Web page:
As a manager, Sinisa Mihajlovic is quickly gathering as big a reputation for the sharpness of his tongue as for the accuracy of his left foot.
Mihajlovic's sharp tongue is having positive results
Through his career as a player, Sinisa Mihajlovic became best known for one part of his anatomy. He was OK in the air and had clever instincts that helped adapt his game so well over the years that a professional life that began on the left wing for Red Star Belgrade ended in the centre of the defence for the champions of Serie A, Inter Milan. It was Mihajlovic's left foot that gave him his global fame. Some people reckon no left foot has ever struck a dead ball as well as Mihajlovic's. Now, as a manager, Mihajlovic is quickly gathering as big a reputation for the sharpness of his tongue as for the accuracy of his left foot.
Mihajlovic, 39, took over as the head coach of Bologna last month and steered them out of the relegation zone while getting involved in spats and rows with leading figures in the Italian game. As Mihajlovic had worked as the assistant coach to Roberto Mancini at Inter, he was asked to comment on the latest trouble with the striker Adriano's discipline. He noted that while he and Mancini used to deal with Adriano the same way as Mourinho does, "people say Mourinho's great and that we did it badly."
Mourinho, piqued, refried some prize anecdotes from the colourful past of Mihajlovic. "Inter will give Adriano a second chance," said Mourinho. "that's what we do here. Inter even gave Mihajlovic a job as a coach after he spat in the face of Adrian Mutu when he was playing for Lazio." Among other controversies. Mihajlovic the player was notoriously tough, sometimes dirty. The kindest way to describe his attitude as a footballer would be to quote Sven Goran Eriksson, who managed him at Sampdoria and Lazio. "Super competitive," Eriksson called him.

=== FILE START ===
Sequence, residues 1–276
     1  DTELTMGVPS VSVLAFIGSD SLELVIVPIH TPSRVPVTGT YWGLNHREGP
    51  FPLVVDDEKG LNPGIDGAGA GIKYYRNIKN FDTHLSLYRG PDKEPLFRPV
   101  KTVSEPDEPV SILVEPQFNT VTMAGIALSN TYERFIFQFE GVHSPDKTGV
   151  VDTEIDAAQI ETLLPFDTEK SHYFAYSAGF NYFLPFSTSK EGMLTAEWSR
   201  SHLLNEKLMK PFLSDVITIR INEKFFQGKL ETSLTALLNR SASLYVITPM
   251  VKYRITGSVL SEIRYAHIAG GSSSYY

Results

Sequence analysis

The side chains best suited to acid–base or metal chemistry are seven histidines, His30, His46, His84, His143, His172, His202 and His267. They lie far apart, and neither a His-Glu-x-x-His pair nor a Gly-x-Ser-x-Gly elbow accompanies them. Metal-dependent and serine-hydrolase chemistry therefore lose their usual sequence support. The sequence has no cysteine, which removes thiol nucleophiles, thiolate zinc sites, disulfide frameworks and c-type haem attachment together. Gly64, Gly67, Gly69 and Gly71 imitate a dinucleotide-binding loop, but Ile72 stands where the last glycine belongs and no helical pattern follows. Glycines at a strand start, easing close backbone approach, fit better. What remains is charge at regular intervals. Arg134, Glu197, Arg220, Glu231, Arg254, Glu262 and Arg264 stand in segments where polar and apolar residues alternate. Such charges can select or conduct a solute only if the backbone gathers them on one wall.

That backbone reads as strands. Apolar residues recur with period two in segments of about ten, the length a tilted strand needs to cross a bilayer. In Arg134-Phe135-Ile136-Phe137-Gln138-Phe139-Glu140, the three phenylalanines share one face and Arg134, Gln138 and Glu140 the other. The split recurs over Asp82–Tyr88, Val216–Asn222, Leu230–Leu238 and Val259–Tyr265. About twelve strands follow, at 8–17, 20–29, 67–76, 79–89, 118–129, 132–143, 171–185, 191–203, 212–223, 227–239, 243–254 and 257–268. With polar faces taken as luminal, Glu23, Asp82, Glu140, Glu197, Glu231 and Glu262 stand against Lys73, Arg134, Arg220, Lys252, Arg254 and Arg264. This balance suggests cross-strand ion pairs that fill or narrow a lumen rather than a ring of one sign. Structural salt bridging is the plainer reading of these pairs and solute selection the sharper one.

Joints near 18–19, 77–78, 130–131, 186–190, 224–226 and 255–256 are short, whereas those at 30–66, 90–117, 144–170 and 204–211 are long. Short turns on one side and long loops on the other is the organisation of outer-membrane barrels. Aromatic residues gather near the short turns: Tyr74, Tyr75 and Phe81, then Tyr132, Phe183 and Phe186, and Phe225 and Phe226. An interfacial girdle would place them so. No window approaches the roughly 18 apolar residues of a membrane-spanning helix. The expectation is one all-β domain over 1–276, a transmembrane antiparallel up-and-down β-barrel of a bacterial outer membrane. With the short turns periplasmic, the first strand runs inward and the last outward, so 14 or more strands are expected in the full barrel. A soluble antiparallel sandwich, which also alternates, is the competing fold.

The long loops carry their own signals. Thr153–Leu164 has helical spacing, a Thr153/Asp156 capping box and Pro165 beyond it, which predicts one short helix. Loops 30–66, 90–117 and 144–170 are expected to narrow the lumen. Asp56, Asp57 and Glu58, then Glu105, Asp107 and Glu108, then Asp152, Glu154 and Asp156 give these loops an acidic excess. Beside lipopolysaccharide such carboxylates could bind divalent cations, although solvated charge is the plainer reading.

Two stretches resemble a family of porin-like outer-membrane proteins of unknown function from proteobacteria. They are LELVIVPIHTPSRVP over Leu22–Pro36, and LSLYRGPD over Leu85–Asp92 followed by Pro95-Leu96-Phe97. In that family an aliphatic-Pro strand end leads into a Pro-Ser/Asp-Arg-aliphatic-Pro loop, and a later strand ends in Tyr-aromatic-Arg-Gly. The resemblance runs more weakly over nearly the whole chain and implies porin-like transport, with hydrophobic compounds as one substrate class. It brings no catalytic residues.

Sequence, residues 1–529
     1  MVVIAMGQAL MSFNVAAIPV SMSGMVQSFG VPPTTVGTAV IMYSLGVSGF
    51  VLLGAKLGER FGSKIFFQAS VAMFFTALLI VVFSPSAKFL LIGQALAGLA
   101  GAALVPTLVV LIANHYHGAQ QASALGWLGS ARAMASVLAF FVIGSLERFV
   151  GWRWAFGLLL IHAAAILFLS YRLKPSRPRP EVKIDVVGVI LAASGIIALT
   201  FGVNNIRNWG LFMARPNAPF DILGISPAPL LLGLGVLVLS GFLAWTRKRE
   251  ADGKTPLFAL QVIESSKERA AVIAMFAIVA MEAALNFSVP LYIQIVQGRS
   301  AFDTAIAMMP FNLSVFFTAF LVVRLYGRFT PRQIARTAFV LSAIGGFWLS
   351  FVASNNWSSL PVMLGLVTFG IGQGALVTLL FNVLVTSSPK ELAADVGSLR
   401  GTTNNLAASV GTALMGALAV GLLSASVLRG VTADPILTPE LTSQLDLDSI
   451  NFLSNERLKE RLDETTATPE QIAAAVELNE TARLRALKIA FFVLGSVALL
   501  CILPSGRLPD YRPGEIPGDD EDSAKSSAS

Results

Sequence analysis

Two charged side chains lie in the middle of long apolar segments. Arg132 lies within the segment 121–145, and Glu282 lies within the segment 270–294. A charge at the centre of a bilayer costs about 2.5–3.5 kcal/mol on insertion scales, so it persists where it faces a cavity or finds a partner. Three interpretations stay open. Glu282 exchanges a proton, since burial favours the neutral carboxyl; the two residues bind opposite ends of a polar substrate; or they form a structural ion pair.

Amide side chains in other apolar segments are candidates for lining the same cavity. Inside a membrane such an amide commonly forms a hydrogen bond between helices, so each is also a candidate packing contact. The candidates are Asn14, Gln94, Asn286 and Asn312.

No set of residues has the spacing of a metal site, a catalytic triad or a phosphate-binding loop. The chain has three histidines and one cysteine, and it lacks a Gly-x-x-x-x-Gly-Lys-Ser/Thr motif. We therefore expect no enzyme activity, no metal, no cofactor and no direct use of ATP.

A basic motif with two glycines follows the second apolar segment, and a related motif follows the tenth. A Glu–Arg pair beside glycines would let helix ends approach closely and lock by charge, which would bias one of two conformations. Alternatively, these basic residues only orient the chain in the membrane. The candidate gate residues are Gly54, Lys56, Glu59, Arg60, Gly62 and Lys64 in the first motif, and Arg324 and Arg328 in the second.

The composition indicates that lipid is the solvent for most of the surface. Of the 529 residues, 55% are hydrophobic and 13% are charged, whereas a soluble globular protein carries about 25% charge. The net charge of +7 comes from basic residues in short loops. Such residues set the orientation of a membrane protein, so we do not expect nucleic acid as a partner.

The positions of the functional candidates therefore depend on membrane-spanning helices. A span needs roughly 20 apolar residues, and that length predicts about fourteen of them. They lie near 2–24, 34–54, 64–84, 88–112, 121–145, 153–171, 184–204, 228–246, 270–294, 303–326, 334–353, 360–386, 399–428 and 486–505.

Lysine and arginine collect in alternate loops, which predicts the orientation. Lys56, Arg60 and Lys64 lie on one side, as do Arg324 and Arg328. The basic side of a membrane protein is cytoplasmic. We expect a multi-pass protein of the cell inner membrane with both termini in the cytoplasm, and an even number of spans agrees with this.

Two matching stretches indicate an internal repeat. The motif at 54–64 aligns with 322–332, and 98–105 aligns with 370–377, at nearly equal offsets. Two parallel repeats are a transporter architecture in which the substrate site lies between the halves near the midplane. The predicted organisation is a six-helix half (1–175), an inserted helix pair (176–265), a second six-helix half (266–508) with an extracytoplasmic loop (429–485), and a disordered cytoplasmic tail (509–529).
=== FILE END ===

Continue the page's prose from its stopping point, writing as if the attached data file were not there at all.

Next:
Playing for Lazio against Chelsea, Mihajlovic spat at Mutu in a Champions League match in 2003. During a Lazio versus Arsenal game, Patrick Vieira heard Mihajlovic direct a racist comment at him. Mihajlovic said he in turn heard Vieira call him a 'gypsy'. By then, Mihajlovic had attracted fame for his aggressive nationalism. In his native Serbia, Mihajlovic made known his respect for the warlord Arkan. These sorts of incidents made him a figure held in little affection beyond the fans of his clubs or his country.
As the row with Mourinho simmered - Mihajlovic retorted: "I can't take anything Mourinho says about on-the-field incidents seriously because he never played at a high level" - a new area of rancour emerged. Ahead of the Coppa Italia meeting between Bologna and Roma, Mihajlovic revealed he had fallen out with Francesco Totti, the Roma captain. Totti, once a good friend, failed to turn up for Mihajlovic's testimonial match, explained the former Serbian international. So, in sulk, they had cut off contact with one another.
Mihajlovic first knew the teenaged Totti when he joined Roma in the early 1990s. He had previously starred in the Red Star team that won the European Cup just as the conflict in the Balkans was beginning. Mihajlovic, like all Yugoslavs of his generation, lived through challenging times. Love him or loathe, Mihajlovic was a man his coaches admired. Not just for his powerful free-kicks - he scored 27 goals from them in Serie A - but for his leadership. Eriksson and Mancini sought him out as a lieutenant.
Bologna have a lively and fiery new manager. Mihajlovic's half-time team talk at home to Torino last weekend was apparently full of rousing rhetoric. Bologna were losing 1-0. They scored five goals in the second half, coincidence? email@example.com